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What sets up the film well is the opening gundown. Sartana comes upon a corrupt Sheriff and his Deputies hassling a judge and his daughters. Sadly, he isn’t in time to save the two, but he guns down the brutes in iconic Italian Western fashion. The scene is kind of reminiscent of Django, and bears a resemblance to Garko’s first scene in the debut film of the Sartana franchise. While the hero of the former succeeds in saving the innocents, where the latter isn’t given a chance, both do get to dispatch the vermin in memorable fashion. In Garko’s fist and final appearance, he gets to say a very poetic statement to the villains before he uses his weapon to exact Western Justice.

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Gianni Garko, an always capable and versatile Italian-Croatian character actor once again does well in the role of Sartana. Sartana in this film is a little more cautious in this go-around, not fully trusting anyone, including the man whose begged him to help clear his name. While his previous exploits aren’t in continuity in the series, it’s clear years of being a detective gunman have taken their toll on Sartana, and he’s become more thoughtful on how to play out his cards on the people and situations he encounters, something Garko conveys well with the character. To say the character is world weary in this final outing would be misleading, as he’s still full of vim and vigor, cracking one liners when the opportunity presents itself. Garko simply plays the character as much wiser this time around, clearly having learned from his previous jobs, and is now probably the most prepared he’s ever been going into a situation. This explains why the character has been toned down a little as well, not wanting to press his luck if he doesn’t need to. Nieves Navarro, the Spanish beauty veteran of the Italian Westerns, by this period going by her Anglo stage name Susan Scott is at her vivacious best as Belle Manassas. The Widow of Sheriff Jim’s brother, Belle has as much interest in the loot as the men do, if not more so. Her first scene has her cocking back the trigger of a rifle, showing she’s not someone to be trusted, and this carries through for the remainder of her scenes. While she isn’t on screen much, her presence as a femme fatale is felt every time she’s on screen.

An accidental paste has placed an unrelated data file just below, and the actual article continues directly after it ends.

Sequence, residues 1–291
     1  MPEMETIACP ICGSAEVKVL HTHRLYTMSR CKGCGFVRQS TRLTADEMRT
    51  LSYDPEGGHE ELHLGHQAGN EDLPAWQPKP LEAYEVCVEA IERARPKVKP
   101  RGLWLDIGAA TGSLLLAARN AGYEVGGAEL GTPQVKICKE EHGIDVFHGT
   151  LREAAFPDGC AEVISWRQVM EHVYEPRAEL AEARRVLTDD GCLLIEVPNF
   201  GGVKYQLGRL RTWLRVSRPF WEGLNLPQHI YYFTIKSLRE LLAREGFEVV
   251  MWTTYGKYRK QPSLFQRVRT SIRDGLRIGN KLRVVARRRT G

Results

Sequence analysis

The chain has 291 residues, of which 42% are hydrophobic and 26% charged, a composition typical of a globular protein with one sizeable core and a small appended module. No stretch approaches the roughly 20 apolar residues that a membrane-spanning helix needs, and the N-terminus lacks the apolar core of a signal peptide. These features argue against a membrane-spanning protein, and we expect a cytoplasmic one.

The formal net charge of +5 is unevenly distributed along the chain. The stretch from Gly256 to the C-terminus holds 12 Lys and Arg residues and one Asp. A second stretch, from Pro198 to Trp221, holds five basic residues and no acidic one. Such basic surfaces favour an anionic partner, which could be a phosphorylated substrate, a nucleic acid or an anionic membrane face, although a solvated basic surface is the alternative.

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Image result for Una Nuvola di Polvere….un Grido di Morte….Arriva Sartana (A Cloud of Dust….A Cry of Death….Sartana is Coming/Light the Fuse….Sartana is Coming)